Dirty Scoundrel

By: Jessica Clare

Guess that should be past tense now.

My gut churns again.

I glance over and Ivy’s rubbing the widow’s back while Boone talks. I know what he’s telling her. PBO is gonna cover the funeral expenses and make sure she has a pension. The good thing about being rich is you can throw money at people and it makes it seem like everything’s gonna be okay. Except it doesn’t feel like it’s okay. It just feels shitty and this knot in my stomach won’t go away.

Someone sits down next to me. Even though most of the family and friends are getting up to go to the wake, I can’t quite pull myself out of my seat. I’m staring up at the altar, at the front of the church where the coffin was a short time ago. Eddie’s gone, six feet under. Shit, that’s a mindfuck.

I rub my mouth and look over at the person next to me—it’s Knox, my younger brother. “What do you want?”

“You look like you’re gonna puke,” Knox comments, picking up a Bible from the back of one of the pews and flipping through it.

I snatch it out of his hand and put it back. Funny how Knox can read me—most of the time no one can tell what I’m thinkin’. Must not be that good at my poker face today.

“I wasn’t gonna take it,” he says, but it’s clear he’s amused by my actions. “And you still look like you’re about to upchuck. What gives?”

He’s a jerk, my little bro, but he’s a jerk with good instincts. I cross my arms and shrug, sliding down in my seat like I’m a little kid instead of a grown-ass man. “Just . . . fuck. Reminds me of Dad’s funeral from back in the day. Don’t it to you?”

Knox considers, then shakes his head slowly. “Nah.” He gestures at the front. “Lots of flowers. Dad didn’t have none.” He indicates the widow and her kids with another sweep of his hand. “Got family here that grieve him. Dad just had us. All his lady-friends didn’t show up.” He glances over at me. “And the company men are paying the expenses. So no, it ain’t much like Dad’s funeral.”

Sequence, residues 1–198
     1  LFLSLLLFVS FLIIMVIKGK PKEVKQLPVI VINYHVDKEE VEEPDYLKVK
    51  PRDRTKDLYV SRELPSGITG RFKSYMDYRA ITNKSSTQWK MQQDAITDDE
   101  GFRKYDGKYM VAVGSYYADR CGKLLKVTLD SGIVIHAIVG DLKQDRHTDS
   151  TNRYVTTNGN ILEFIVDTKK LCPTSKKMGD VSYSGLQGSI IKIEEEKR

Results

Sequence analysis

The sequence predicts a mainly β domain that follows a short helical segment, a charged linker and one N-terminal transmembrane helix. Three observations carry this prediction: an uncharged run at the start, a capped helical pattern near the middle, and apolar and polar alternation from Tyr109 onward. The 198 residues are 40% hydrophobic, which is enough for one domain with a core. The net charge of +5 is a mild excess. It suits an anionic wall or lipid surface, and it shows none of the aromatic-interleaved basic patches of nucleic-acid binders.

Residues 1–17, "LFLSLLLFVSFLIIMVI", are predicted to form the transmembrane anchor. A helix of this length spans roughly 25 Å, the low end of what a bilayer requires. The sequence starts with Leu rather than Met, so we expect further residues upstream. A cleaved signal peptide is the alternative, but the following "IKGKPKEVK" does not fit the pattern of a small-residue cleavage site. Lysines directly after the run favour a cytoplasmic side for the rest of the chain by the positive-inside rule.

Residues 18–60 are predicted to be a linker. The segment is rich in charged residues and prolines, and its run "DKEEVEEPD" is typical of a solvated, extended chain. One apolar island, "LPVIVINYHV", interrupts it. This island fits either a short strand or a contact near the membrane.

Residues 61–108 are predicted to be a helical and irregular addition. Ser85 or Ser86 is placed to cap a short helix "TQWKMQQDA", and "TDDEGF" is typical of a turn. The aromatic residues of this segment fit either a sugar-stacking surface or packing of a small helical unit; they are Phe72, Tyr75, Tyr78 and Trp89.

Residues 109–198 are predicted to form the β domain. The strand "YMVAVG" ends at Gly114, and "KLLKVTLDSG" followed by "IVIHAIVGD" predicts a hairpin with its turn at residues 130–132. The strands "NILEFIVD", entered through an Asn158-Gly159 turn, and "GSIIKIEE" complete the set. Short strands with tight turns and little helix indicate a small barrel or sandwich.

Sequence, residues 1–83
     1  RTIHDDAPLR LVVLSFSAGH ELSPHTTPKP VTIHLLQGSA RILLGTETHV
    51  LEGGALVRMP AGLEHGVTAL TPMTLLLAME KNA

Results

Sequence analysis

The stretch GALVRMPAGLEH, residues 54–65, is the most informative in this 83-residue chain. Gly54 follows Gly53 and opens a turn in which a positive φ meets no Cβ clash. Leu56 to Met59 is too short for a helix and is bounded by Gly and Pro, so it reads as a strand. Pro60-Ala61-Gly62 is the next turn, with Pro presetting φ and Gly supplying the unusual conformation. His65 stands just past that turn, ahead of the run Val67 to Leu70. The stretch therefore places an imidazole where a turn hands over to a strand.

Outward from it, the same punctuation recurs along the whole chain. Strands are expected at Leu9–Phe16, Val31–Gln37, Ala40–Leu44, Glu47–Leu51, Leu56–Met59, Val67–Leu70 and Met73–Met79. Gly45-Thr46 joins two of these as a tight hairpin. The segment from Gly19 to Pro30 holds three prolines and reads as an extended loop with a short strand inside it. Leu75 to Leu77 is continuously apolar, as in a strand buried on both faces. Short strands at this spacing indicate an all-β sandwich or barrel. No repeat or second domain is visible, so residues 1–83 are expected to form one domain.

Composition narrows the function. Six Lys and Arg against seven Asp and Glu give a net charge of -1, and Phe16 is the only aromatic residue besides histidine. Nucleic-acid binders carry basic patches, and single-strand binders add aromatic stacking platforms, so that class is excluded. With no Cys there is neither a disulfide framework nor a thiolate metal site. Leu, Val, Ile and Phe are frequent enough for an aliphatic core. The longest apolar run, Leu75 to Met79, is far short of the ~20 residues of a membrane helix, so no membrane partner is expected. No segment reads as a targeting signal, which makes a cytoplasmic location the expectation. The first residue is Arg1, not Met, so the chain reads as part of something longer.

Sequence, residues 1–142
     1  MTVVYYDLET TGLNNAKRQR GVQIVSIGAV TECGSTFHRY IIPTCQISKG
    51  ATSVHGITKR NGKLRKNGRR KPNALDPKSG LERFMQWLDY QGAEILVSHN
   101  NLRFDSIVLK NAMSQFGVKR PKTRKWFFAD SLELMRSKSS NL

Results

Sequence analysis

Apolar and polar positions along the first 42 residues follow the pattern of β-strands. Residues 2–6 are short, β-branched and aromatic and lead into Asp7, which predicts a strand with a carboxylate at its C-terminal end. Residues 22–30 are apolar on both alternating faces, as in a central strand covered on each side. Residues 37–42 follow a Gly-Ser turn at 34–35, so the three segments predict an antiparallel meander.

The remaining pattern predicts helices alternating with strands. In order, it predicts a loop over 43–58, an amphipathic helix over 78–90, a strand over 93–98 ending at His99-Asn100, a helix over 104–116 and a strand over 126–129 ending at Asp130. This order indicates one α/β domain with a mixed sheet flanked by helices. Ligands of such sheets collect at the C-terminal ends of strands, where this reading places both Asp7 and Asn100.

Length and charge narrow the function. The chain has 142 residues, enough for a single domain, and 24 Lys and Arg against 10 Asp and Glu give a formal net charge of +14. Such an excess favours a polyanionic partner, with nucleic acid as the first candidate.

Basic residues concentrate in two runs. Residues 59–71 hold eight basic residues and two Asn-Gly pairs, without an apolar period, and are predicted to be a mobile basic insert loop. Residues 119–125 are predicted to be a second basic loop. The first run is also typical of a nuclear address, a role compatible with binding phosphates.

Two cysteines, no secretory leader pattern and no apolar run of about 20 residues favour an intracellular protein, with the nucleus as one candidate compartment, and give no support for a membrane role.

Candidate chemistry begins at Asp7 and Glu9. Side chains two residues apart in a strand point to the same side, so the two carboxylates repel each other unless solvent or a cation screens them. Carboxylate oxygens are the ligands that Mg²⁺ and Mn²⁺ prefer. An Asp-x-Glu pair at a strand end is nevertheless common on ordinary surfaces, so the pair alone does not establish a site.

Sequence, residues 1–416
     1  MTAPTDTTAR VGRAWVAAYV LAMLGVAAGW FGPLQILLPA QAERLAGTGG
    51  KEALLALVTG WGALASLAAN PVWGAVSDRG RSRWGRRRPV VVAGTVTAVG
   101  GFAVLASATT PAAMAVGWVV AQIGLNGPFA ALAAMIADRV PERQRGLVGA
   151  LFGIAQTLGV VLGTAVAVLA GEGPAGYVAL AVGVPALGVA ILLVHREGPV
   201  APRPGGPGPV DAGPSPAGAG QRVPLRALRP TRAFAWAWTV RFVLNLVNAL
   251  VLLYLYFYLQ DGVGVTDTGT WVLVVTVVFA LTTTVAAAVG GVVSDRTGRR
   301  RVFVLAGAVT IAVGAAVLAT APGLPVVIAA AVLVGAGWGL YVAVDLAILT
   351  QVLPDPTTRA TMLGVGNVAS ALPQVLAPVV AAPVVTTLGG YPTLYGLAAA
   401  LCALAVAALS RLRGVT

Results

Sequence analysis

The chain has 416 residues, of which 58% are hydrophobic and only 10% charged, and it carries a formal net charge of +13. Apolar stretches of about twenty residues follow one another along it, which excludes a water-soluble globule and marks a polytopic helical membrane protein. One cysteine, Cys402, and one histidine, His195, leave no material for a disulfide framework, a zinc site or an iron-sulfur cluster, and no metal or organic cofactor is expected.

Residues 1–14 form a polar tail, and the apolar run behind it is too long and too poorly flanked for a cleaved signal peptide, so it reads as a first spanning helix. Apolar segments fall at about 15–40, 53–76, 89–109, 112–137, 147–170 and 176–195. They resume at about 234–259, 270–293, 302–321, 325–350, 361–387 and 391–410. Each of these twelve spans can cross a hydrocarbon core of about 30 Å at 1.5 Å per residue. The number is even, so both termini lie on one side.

I hate that he’s right. I hate that our dad got buried in a cheap-ass coffin at an empty funeral. I hate that he didn’t matter to no one but us. Even after all this time, it still burns in my belly.

“Dad was a piece of shit, though,” Knox says. “I know what you’re thinking. That when you pass, you should be surrounded by loved ones, but Dad was a user. I mean, look at me and Gage.” He smiles thinly.

Yeah, I know what he means. Knox and Gage were born two months apart, two completely different moms. Dad was married to my mom at the time. He wasn’t a good guy, but damn. We all deserve someone that’s gonna love us until the end, don’t we? “I guess I’m just thinkin’ life is short, you know? Eddie was in his forties. Should have had a lot of good years ahead of him.” I nod at the three boys at the front. “See them graduate from college and all.”

“Mmm. So this isn’t about Dad. This is about regrets, huh?” Knox leans back and puts an arm on the back of the pew, and for a moment he looks wise beyond his years.

Is this about regrets, then? Is that burning fireball in my stomach because I’m picturing what my own funeral would be like? That I’m not imagining anything but a few employees and my brothers? I try to picture Natalie here, but yeah right. Her ass wouldn’t be here if wild horses dragged her.

The thought’s fucking depressing—both in that Natalie is disgusted by me, and that I’m still hung up on her after all these years. I must be an idiot. “You’re wrong,” I tell Knox. “I’m good.”

He ignores me, tilting his head. “So what is it you want out of life? Money? Success? You already have both.” He nods over to Ivy and Boone. Our brother has his hand on the small of Ivy’s back, and he’s gazing down at her as she speaks like pearls are dropping out of her damn mouth. Boone’s totally fucking besotted. It’d be funny if I wasn’t so fucking jealous. Not of him and Ivy—they’re perfect together. I just . . .

I rub my jaw again, feeling the bristles of my beard. I haven’t looked at anyone like that since . . .

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